Later that week we worked on a car that needed a wheel pulled, a stubborn chunk of rust. I learned that sometimes you have to do something, even if it can’t be done. All the guys tried to remove this wheel. We poured solvents. We heated it, cooled it. Nothing worked.

After we gave up, Al took charge. He got a mallet and kept hitting the wheel. It wouldn’t move and he kept hitting. No talk. He hit the wheel while some of us watched and others drifted away. He hit it forever. He could still be hitting it.

But the thing is, he hit it until it started to move. Then he hit it until it came free. And he went to the cooler for a beer. We all had beers.


What did these three guys have in common? You might be thinking: they were take-charge types. Gene fixing the carnival ride, Tex stopping a runaway horse, Al hammering a stuck wheel until it moved. Well, that’s one thing. But not what stands out the most.

Here it is: They all had a specific knowledge of wildlife that was surprising for such guys. They weren’t bird watchers in the traditional sense. But they knew what they saw; they knew what was out there in the world, and they knew it by name.

Not a buzzard

Not a buzzard

The tattooed veteran with the profane wife once said there was a Barn Swallow’s nest in the ticket stand. The old cowboy didn’t call a Turkey Vulture a buzzard; he called it a Turkey Vulture. The mechanic liked to walk near a pond in Michigan where he said there were Black Terns, a fairly uncommon bird.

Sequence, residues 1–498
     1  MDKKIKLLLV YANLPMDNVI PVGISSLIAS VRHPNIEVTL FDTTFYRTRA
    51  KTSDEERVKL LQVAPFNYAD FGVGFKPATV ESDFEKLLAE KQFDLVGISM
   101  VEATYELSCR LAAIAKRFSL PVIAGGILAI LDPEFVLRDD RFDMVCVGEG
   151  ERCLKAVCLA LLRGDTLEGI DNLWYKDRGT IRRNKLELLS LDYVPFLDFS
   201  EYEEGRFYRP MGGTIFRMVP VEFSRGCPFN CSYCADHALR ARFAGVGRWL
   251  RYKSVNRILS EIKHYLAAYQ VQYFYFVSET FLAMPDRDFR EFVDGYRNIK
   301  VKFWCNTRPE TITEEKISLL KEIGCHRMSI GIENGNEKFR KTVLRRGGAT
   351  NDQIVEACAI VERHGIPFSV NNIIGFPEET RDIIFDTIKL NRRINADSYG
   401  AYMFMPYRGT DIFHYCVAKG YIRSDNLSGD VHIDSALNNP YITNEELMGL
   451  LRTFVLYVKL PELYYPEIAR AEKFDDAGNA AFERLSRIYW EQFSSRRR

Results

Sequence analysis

Talk about uncommon birds. Gene, Tex and Al. They weren’t the type to join clubs. But they had life lists in their heads. Tex said he’d seen a California Condor out West when they were still wild. Al talked about a “snake bird” in a Louisiana  bayou, correctly calling it an Anhinga.

A footnote: Why isn’t this piece of writing in our “Stories” category? It reads like three little stories, with characters who seem a bit larger than life. And there’s a story-like point to the whole thing. Well, the reason that it’s in our non-fiction “Viewpoints” category is that it’s all true. Those three guys really existed and were just the way you see them described here.

4 Responses to “Three Guys”

  1. Tim George says:

    Dear Two-Fisted Bird Watcher: This is only the second month that I’ve enjoyed your website and stories. My father, who lives near me, knows how much I enjoy observing and photographing animals, birds and all of nature. He somehow found your site and shared it with me. I’m hooked! I love it. Thanks for this site. I hope I can submit a few of my photos sometime!

  2. Two-Fisted Bird Watcher says:

    In answer to your question, Eileen, the guys in the piece weren’t available for photos so these are approximations, but they’re uncanny; they look just like the guys as I remember them. Thanks for your comment.

    Mike at Two-Fisted Birdwatcher

  3. Eileen says:

    Thanks for this. I too have felt that unexpected flash of kinship when someone without apparent “nature nut” tendencies reveals that quiet awareness. It’s well worth writing about.

    The photo portraits are great… are they in fact your characters?

  4. Mike says:

    This is a truly enjoyable piece of work. I was so interested in the personalities you were describing that I forgot to expect the link back to birding at the end!